“Currently there are more than 1,000 plant licenses with the Department, pending a decision from the Forest Service, which issues an average of only 10 plant permits per week,” he said.
“Our nursery and our customers would need this week’s production to triple.
“Of all the forest-related licenses issued weekly, less than 15% is for planting, so there is clearly no will within the Forest Service to improve the situation.
“The Department’s poor delivery of the planting program completely undermines the Government’s commitments on climate action to plant 8,000 ha annually.
“The Department’s action not only threatens the future of nurseries, but the survival of an industry in which previous governments have invested more than € 3 billion.
“There is hope for the industry here. Scotland did it, so there’s no reason why we can’t do it.
“But it must be the political will to do it. We are at a crossroads, no doubt about it, and the Mackinnon Report must be completed in full.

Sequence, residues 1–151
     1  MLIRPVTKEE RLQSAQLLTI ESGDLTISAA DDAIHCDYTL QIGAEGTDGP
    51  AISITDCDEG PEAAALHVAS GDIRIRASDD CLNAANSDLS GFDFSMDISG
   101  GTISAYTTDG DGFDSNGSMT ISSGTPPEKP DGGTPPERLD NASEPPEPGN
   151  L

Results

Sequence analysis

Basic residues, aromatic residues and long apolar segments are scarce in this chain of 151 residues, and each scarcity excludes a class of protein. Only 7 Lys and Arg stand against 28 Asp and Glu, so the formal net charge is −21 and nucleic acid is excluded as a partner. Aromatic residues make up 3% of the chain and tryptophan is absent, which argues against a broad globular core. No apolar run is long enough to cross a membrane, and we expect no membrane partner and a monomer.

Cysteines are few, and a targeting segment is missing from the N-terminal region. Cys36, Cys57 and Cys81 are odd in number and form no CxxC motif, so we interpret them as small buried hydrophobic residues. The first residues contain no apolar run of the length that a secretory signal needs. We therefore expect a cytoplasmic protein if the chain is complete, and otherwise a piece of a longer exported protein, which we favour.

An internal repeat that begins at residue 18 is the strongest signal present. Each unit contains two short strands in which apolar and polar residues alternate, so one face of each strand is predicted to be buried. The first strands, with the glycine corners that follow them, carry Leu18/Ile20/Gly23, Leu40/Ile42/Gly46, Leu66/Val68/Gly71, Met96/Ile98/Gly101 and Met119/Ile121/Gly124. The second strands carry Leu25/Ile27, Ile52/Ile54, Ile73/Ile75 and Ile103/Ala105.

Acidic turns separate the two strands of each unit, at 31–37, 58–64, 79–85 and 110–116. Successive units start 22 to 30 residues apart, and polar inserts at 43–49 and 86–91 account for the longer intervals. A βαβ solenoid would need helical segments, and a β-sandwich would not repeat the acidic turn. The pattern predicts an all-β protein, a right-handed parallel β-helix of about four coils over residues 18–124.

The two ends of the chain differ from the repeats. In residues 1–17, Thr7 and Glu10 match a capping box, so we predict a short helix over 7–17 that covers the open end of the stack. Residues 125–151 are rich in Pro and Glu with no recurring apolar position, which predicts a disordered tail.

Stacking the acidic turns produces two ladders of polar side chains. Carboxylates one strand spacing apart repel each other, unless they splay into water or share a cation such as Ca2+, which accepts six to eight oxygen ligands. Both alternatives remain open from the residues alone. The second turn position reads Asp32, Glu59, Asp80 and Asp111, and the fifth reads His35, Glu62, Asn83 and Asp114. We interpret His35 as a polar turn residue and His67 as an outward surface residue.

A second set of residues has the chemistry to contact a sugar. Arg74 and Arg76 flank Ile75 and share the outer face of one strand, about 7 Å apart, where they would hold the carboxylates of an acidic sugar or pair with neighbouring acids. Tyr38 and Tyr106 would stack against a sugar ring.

“If Ireland doesn’t act together, the nursery in this country will end.”
On Tuesday last week the Joint Committee on Agriculture and Marine Affairs, which identified a solution to the residual license as the top priority, welcomed the Woodland Project initiative.
And Forestry Industry Ireland (FII) director Mark McAuley said the current me mechanismism requires not only the implementation of the Mackinnon Report but also additional project management expertise that will look after the system, make the necessary changes and deliver the licenses.
“Farmers face delays of up to two years, and in some cases significantly longer, to obtain licenses to manage their forests,” he added.
“The industry risks farmers freeing themselves from forestry as a viable land use.
“A set time frame is needed to help create trust and confidence in the process.
“The system should ensure that no farmer has to wait more than four months for a forestry license, as defined by the Forestry Act 2014, regardless of the application size,” McAuley said.
In a final report on the forest crisis in Ireland, next week thewill look at forestry and the environment, and the impact on forestry farmers of the license slowdown.